OK, who’s heard of Radical Honesty? My introduction to it was in AJ Jacobs’ My Life as an Experiment. The premise is that you don’t lie, and (according to the founder) don’t filter at all. If you’re mad at someone, you let them have it with the full force of your anger; if you’re attracted to someone who is not your partner, you tell them that you’re thinking about what it would be like to have sex with them. This would seem to be the ultimate expression of the thought I expressed in On Integrity, but in practice I think it’s much too facile.
Here’s the thing: I fully believe that you have the opportunity to choose who to be. My two favorite quotes of all time are both related to this. Paraphrased, they’re:
How can I know what I think until I see what I say?
I started acting like the person I wanted to be, and I gradually became him.
The first one points to the extreme limits of our self-knowledge. We don’t control our internal thoughts and feelings, and at times we’re not even aware of what they are. That’s why flipping a coin to make a decision sometimes works so well – when it comes up on one side and we get disappointed, it’s evidence that internally we had a preference that we weren’t consciously aware of.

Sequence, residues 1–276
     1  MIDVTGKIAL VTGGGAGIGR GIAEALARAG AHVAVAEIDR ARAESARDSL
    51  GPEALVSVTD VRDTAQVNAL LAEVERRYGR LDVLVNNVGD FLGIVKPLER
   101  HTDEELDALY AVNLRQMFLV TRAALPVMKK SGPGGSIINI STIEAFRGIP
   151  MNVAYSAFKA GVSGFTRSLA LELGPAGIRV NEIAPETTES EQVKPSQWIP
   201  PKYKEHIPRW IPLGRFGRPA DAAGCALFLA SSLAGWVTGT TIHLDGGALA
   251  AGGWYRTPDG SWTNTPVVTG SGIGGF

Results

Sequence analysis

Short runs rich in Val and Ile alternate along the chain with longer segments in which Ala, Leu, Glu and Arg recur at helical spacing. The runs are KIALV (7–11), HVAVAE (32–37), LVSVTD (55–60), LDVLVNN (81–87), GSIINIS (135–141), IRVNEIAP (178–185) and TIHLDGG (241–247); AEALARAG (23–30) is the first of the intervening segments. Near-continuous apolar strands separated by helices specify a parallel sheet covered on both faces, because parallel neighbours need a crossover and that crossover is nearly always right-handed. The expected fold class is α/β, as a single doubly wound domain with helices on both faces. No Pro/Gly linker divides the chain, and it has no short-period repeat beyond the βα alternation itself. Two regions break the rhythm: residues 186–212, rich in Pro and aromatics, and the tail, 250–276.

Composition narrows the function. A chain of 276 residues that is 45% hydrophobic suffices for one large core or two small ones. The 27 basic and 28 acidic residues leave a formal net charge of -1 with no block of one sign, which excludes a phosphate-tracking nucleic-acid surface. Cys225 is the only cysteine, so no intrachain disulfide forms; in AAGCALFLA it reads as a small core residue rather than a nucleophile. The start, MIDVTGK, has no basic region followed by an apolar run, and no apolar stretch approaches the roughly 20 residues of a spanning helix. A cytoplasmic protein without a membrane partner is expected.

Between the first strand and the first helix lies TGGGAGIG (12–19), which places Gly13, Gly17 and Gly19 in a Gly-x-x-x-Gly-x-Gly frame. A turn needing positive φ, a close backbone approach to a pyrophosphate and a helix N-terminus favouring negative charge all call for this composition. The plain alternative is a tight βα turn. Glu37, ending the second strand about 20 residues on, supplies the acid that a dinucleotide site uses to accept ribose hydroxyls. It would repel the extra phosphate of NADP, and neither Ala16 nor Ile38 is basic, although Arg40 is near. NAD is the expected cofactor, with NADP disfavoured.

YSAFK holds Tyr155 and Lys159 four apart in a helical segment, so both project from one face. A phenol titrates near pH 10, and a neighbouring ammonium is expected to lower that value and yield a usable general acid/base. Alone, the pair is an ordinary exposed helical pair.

The second one points to the fact that our instantaneous lack of control of our minds doesn’t mean that we can’t train them to do what we want. If I decide I want to be more civil, then I can force myself to act more civil – and eventually, being civil becomes a reflex or a habit and I don’t have to force myself anymore. Per the discussion of integrity, of course, this only really works if I’m fully consistent. I can’t be civil in my non-anonymous interactions and still flame people at will on Twitter and expect to train myself away from the troll-tastic instinct.
The problem with Radical Honesty, then, is that is completely abandons the second principle. It’s all about advertising who you are now, as opposed to who you want to (and can) be.